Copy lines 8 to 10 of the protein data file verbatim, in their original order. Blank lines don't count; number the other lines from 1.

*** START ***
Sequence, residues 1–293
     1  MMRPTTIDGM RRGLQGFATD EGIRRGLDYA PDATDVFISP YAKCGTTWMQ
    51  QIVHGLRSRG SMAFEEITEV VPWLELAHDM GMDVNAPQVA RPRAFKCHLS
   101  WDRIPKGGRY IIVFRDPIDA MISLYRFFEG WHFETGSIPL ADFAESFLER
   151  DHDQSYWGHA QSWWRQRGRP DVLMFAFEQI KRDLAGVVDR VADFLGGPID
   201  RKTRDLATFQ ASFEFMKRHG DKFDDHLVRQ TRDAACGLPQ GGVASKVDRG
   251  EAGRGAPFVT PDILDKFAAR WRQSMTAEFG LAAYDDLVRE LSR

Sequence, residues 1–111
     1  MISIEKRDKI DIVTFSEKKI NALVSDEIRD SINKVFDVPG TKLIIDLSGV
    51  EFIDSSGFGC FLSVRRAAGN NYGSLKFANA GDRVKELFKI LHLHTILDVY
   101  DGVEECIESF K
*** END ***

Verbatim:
Sequence, residues 1–111
     1  MISIEKRDKI DIVTFSEKKI NALVSDEIRD SINKVFDVPG TKLIIDLSGV
    51  EFIDSSGFGC FLSVRRAAGN NYGSLKFANA GDRVKELFKI LHLHTILDVY